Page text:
Gordon v. Deloitte & Touchie

Summarized by:

  • Court: 9th Circuit Court of Appeals Archives
  • Area(s) of Law: Insurance Law
  • Date Filed: 04-11-2014
  • Case #: 12-55114
  • Judge(s)/Court Below: District Judge Sedwick for the court; Circuit Judges Reinhardt and Chisten
  • Full Text Opinion

The statute of limitations period cannot be reopened after an insurance company decided to reopen a claim because doing so would discourage any future decisions by insurance companies to reopen a claim even when the decision to do so may be warranted.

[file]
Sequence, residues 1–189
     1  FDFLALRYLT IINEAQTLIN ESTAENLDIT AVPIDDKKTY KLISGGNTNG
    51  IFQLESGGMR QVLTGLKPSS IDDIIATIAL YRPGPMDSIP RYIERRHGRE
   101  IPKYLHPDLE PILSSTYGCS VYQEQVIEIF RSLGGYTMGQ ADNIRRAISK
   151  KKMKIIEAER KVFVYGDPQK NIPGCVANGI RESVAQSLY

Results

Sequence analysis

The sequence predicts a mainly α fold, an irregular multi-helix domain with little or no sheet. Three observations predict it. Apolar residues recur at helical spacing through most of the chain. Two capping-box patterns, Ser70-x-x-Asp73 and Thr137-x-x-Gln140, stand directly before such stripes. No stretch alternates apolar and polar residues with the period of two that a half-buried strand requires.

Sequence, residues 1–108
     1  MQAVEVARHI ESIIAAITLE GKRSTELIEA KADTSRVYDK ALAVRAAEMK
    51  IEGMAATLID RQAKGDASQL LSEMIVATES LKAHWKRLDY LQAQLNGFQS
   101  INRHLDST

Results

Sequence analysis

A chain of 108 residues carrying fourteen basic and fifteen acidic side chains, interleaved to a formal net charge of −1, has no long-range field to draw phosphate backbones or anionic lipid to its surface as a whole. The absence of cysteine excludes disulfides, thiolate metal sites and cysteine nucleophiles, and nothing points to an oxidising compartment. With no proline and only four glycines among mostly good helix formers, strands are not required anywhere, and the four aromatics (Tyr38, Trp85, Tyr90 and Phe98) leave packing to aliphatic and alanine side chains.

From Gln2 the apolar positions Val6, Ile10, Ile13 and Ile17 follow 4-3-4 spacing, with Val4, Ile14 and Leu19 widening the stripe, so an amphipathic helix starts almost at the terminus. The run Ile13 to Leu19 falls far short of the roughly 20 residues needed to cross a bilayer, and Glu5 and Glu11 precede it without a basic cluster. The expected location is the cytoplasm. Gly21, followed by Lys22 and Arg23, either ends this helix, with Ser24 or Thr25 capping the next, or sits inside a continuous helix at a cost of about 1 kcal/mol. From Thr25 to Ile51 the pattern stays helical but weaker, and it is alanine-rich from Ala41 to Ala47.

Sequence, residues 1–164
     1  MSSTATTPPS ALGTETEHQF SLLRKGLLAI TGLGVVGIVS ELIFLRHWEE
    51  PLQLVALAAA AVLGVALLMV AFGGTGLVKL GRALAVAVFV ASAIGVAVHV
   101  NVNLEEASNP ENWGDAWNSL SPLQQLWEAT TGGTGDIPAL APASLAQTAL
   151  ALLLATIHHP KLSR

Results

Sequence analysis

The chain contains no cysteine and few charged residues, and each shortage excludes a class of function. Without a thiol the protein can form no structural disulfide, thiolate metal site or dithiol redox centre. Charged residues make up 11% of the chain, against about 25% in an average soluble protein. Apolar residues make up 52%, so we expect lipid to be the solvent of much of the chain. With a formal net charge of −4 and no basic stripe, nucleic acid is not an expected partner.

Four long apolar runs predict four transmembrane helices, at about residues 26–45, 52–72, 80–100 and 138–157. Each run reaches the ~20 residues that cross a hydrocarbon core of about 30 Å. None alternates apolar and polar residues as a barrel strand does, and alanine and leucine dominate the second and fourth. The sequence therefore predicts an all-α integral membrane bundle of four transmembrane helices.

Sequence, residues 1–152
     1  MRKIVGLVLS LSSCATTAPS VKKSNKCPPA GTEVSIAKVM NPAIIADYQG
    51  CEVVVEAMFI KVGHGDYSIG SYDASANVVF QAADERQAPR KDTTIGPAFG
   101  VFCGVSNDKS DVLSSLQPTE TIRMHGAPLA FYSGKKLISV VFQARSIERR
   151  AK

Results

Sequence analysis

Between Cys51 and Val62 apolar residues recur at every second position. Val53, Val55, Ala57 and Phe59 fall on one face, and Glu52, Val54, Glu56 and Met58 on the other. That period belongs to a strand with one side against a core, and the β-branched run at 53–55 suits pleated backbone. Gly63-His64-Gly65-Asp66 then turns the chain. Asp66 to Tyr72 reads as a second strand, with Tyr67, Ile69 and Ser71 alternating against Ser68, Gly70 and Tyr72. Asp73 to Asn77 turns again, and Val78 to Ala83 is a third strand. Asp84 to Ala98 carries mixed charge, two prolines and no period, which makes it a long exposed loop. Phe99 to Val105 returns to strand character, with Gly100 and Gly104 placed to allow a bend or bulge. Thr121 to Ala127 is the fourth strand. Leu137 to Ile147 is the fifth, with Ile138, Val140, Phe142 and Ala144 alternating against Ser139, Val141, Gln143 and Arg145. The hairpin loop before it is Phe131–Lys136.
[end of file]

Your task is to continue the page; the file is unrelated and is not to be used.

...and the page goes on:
Bridget Gordon filed suit against Deloitte & Touche, LLP, which offered its employees a Group Long Term Disability Plan insured and administered by MetLife, after MetLife terminated Gordon’s benefits under the Employee Retirement Income Security Act. Gordon’s benefits were terminated in January of 2003 and she failed to file an appeal of the termination within 180 days, per the policy. After Gordon filed a complaint with the California Department of Insurance, MetLife reopened Gordon’s claim for further review, and in December of 2009 MetLife decided to uphold its original decision to terminate benefits, and this action ensued. The district court granted Defendant’s motion for summary judgment and Gordon appealed. The Ninth Circuit held that, in applying California contract law four year statute of limitations, Gordon’s ability to file a claim began to run as of May 4, 2004 after the original decision of MetLife to terminate her benefits took full effect. Allowing for a limitation period to be reopened after an insurance company decided to reopen a claim would discourage a company’s decision to reopen a claim even when that decision might be warranted. Therefore, summary judgment was properly granted. AFFIRMED.

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